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Eric McHugh
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PostPosted: Tue 29 Nov, 2005 5:09 pm    Post subject:         Reply with quote

Jesse Frank wrote:
Yeah, I've never worked with hide glue, so I don't know... But pitch ain't that bad... if you get the mix right, you gotta get it pretty hot (150f+) for it to really get soft.... 'course, it all depends on the sap, how long you cooked it, ect.....


While I have no idea what the stuff was made of, I have looked at different recipes for cutler's pitch and they all seem to be made of tree resin with different components added: saw dust, bees wax etc. In any event, the stuff hardened enough to hold the top portion onto the sword.

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Elling Polden




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PostPosted: Tue 29 Nov, 2005 5:37 pm    Post subject:         Reply with quote

So, possibly, you could fill the pommel up with pitch, slot it into place, turn the sword point down, and let it dry?
That way, you would get a perfect fit.
And, if it should become loose, you could heat it up, and do the same thing again... Without having to use the hammer on your precious...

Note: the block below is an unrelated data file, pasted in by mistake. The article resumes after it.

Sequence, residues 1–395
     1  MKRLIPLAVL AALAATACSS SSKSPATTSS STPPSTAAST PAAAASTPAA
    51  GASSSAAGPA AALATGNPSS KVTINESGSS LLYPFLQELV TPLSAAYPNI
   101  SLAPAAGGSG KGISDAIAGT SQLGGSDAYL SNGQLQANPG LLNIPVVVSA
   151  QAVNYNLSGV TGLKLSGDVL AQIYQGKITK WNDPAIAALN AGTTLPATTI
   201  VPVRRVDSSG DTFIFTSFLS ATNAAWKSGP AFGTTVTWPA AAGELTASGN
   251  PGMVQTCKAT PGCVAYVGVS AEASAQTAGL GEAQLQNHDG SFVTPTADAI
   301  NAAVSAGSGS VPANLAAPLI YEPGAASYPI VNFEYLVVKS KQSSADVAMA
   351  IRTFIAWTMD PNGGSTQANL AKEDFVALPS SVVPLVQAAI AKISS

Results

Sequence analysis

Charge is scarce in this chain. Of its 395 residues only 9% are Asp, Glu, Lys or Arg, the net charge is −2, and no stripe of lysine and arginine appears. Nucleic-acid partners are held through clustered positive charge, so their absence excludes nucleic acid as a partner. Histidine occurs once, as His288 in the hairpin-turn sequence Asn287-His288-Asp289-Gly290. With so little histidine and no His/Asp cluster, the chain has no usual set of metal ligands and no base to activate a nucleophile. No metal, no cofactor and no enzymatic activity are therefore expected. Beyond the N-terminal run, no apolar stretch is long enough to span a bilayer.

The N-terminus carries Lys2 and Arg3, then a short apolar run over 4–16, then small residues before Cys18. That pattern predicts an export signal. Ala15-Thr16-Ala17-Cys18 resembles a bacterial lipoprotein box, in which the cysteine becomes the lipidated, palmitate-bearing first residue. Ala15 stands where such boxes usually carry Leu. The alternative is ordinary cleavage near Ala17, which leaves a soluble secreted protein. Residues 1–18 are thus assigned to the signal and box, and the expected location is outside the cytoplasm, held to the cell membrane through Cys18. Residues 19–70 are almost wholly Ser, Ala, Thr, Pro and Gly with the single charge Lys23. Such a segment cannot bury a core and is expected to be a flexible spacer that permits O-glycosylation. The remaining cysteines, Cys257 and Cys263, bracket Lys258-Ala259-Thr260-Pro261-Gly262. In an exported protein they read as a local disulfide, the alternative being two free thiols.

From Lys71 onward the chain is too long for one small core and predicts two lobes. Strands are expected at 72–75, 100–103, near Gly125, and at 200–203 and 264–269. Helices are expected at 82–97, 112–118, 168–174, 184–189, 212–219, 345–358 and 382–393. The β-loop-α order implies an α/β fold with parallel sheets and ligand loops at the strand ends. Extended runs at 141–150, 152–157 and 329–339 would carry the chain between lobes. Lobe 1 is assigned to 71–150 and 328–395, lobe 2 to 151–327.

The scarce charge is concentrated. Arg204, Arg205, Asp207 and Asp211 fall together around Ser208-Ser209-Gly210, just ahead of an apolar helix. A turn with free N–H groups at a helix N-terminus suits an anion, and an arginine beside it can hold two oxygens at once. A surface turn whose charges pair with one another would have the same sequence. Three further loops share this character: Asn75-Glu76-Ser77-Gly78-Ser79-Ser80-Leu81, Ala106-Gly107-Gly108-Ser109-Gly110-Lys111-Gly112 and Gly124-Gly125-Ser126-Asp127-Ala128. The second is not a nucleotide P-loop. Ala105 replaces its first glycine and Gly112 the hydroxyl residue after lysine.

Could be a very elaborate solution to the problem of very expensive and elaborate pommels coming loose.

"this [fight] looks curious, almost like a game. See, they are looking around them before they fall, to find a dry spot to fall on, or they are falling on their shields. Can you see blood on their cloths and weapons? No. This must be trickery."
-Reidar Sendeman, from King Sverre's Saga, 1201
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Jeroen Zuiderwijk
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PostPosted: Tue 29 Nov, 2005 11:33 pm    Post subject:         Reply with quote

Eric McHugh wrote:

While I have no idea what the stuff was made of, I have looked at different recipes for cutler's pitch and they all seem to be made of tree resin with different components added: saw dust, bees wax etc. In any event, the stuff hardened enough to hold the top portion onto the sword.

Do you have some complete recipes? I've been experimenting with general wood-tar, but so far without good result. Beeswax didn't seem to want to mix, and it's difficult to get it hard when dry but not brittle. Perhaps I'm just not using the right tar for it.
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Jeroen Zuiderwijk
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PostPosted: Tue 29 Nov, 2005 11:36 pm    Post subject:         Reply with quote

Jean Thibodeau wrote:
Maybe something from the Viking age could be a good adhesive to hold those space shuttle tiles from falling off: Only half joking here because sometimes old technology can do things better than current stuff.

Well, I've got the answer for that in my bronze age furnace: composite ceramic heat shielding. Or in more common terms: clay with horse dung Happy You can heat it up rapidly or beat the heck out of it, and it stays together!